Making collage art out of existing footage has been possible since the advent of film. After all, motion pictures are just extremely long collages projected at top speed to create the illusion of continuity. But in the past 20 years, easier access to sophisticated editing equipment has made it possible for nearly everyone to manipulate and repurpose visual media to suit their own agenda. Many avant-garde filmmakers have been working this way for decades, but I’m not here to talk about arty experimental films. I’m here to talk about glorious trash.
Creating entertaining media is a continual learning process, heavily influenced by fluctuating public tastes. Millions of hours of inadvisable junk gets churned out by production studios large and small, much of which is crammed almost immediately into the bottom of the cultural dustbin, never to be seen again. Fortunately, there’s a group of people out there saying “not so fast!” and gathering together those clips many would happily choose to forget and sculpting them into beautiful, hilarious odes to failure.
There are three preeminent comedic found footage collectives working today, each outfit reflecting a different approach to processing the material.
Everything is Terrible, like most of these outfits, finds footage from old VHS tapes gleaned from thrift stores, dumpsters and friendly donations. The EIT folks edit at a feverish pace, blending and overlapping audio, even using analog-like visual effects to meld the images into psychedelic loops. The resulting experience often makes you feel like you’re on drugs (if you’re not already).
Found Footage Film Festival offers a more formal presentation. The hosts, Joe Pickett and Nick Prueher, explain the clips before screening them, and you can listen to a live audience react to the insanity as it happens. These videos are the best introduction for the uninitiated.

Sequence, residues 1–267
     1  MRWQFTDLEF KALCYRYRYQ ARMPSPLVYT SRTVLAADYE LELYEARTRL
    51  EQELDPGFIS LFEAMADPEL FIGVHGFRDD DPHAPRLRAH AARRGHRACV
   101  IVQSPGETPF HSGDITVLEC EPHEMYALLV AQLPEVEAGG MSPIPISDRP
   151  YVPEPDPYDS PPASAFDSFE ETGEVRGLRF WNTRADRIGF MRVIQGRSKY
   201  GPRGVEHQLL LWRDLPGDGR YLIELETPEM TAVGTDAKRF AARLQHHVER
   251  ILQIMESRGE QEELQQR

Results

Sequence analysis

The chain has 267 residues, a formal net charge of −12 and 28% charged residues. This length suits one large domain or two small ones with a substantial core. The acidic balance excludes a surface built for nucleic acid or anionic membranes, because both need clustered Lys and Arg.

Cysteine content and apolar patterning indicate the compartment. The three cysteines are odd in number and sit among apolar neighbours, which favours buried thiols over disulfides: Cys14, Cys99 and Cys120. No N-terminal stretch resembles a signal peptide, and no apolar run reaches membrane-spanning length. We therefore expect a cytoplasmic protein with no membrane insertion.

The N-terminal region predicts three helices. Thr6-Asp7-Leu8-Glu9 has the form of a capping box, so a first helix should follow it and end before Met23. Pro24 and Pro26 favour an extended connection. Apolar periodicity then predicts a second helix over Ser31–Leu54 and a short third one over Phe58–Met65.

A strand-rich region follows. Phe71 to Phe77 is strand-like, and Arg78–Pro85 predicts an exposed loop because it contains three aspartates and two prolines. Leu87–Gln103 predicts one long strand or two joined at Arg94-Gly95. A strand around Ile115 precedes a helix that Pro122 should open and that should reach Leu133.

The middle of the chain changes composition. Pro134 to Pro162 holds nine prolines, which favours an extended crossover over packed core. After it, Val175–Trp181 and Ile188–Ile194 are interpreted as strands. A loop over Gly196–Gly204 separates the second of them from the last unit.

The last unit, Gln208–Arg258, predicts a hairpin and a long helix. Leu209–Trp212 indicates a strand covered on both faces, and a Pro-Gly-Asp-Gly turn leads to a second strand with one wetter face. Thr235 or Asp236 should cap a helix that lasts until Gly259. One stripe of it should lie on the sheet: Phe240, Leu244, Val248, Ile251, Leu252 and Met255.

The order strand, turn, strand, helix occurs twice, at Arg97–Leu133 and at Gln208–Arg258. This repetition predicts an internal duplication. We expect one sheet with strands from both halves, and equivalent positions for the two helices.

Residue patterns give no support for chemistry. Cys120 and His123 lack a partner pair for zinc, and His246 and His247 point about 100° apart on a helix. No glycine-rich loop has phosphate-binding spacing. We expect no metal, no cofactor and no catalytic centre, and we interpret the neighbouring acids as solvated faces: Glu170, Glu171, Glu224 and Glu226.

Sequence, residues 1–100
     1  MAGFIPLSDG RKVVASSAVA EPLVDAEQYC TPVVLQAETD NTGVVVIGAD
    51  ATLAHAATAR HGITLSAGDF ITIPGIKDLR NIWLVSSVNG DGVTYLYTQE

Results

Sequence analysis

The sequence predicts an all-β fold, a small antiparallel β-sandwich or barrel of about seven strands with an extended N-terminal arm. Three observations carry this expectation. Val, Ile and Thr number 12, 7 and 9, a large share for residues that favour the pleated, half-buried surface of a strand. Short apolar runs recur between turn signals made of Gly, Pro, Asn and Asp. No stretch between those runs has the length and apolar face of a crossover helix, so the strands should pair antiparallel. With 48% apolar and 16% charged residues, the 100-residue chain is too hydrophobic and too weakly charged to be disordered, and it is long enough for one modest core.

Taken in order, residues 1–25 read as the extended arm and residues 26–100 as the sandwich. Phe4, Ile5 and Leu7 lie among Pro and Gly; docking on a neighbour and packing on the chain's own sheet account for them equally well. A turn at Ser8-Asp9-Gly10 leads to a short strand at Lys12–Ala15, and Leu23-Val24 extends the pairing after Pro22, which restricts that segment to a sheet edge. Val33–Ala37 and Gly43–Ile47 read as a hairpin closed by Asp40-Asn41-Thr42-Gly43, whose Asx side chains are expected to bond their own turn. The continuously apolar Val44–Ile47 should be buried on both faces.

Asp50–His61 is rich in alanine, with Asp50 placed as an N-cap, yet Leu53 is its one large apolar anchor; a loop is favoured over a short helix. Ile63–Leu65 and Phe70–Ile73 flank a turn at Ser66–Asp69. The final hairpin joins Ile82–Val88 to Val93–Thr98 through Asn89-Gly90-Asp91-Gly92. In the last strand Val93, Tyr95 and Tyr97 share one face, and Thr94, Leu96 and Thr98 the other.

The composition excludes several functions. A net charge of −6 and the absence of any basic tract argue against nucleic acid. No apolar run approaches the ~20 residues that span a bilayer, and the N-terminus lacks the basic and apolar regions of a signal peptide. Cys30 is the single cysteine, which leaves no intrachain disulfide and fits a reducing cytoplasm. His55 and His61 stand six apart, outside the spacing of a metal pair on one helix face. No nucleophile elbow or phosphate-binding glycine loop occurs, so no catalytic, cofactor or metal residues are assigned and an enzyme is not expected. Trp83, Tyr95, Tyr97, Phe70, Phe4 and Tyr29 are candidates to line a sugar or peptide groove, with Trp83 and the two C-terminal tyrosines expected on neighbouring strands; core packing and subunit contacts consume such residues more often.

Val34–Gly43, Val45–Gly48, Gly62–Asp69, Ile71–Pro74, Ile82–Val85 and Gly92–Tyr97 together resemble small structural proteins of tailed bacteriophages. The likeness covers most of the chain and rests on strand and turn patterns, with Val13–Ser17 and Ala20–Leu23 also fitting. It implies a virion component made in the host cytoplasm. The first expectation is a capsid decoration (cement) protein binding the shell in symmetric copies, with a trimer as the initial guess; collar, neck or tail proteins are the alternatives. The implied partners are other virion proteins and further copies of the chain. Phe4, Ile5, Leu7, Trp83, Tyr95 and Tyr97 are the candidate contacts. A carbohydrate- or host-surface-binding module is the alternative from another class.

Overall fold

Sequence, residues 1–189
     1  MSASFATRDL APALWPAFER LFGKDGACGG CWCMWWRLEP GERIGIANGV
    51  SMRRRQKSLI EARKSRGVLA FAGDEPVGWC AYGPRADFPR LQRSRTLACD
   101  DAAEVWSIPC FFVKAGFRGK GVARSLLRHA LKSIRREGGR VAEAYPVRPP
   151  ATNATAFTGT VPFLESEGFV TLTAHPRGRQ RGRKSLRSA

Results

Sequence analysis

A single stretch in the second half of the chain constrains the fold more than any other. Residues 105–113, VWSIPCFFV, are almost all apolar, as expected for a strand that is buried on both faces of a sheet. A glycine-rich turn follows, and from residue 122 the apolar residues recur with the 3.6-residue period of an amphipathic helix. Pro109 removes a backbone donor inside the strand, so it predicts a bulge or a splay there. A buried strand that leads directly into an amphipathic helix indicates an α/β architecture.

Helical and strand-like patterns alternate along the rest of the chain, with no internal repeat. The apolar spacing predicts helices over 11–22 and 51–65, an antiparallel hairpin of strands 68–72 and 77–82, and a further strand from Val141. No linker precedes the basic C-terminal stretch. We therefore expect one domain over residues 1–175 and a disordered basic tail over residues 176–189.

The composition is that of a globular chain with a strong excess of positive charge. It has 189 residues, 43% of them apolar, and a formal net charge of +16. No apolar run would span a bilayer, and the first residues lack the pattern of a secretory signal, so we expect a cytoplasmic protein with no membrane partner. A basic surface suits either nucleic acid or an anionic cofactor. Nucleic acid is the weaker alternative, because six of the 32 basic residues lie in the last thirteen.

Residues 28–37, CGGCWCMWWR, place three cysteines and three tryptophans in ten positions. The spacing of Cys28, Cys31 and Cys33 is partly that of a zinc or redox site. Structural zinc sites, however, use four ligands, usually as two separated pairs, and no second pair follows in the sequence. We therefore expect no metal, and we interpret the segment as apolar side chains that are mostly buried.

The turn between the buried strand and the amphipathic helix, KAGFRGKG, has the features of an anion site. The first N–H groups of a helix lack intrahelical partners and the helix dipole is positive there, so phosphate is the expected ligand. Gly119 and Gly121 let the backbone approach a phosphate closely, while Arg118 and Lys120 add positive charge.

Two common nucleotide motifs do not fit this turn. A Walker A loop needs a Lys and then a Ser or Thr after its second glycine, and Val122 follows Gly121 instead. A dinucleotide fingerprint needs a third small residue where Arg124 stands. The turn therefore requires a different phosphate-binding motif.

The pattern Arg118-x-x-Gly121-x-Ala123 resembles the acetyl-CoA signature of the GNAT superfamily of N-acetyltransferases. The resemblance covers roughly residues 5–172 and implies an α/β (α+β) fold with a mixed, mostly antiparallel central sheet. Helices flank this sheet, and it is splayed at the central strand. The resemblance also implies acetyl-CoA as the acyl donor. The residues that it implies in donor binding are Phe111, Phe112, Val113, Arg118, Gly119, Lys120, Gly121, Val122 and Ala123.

TV Carnage is less frenetic and trippy than EIT. They will often create a semblance of continuity, something that feels like a “narrative” for their shows, but the priority is allowing the viewer to wallow in the inexplicable clips that they have unearthed.
My favorite FF video of all time is a local creation called Viva VHS. Which brings me to Leo Mayberry, the video’s editor and co-creator and a video designer for the Degenerate Art Ensemble. Mayberry was on the vanguard of the found footage movement. “I worked at a video duplication house and that’s where things went crazy,” he explains. “We’d save little bits and pieces of things we found while dubbing people’s home movies or corporate videos. I have a tape somewhere that just has scribbled on it ‘the world’s worst speaker tells the least funny joke ever.’ It really was probably a horrible violation of trust.”
Almost certainly. But for an audio/visual geek, finding the perfect lost clip is like finding baffling, static-y buried treasure. Before the advent of high bandwidth Internet, it wasn’t nearly as easy to get a fix as it is now. “There was a lot of tape trading,” says Mayberry. “It was a real mixed bag. Often, they were just a short tape with one thing on it. One of the first things I remember being edited strongly was the Heaven Only Knows video. It dubbed in farts every time this religious evangelist would make his ‘receiving God’s message’ face. It still holds up.”
Watching Viva VHS is a lot like spending time with Mayberry, the pied piper of confounding, forgotten artistic folly. Viva is a stream-of-consciousness patchwork of failed movies and TV disasters, broken into six different categories (including education, fitness, and of course, drugs). One of my favorite clips is from a live benefit for kids from the late ’80s, in which Bobby McFerrin performs a medley from The Wizard of Oz. It plays like a televised descent into utter madness (Yes, that is Blossom doing the intro). These are the moments from media’s past that the cultural gatekeepers would prefer we all forget.
Fortunately for people like me, it’s getting hard and harder to bury these fantastic abominations. Found Footage junkies are sprouting up everywhere. Shows like Collide-O-Scope and Monster Planet at Re-Bar are fun local places to get hooked on crap, creatively filtered into an art form all its own. You should look into it. It’s important to recycle.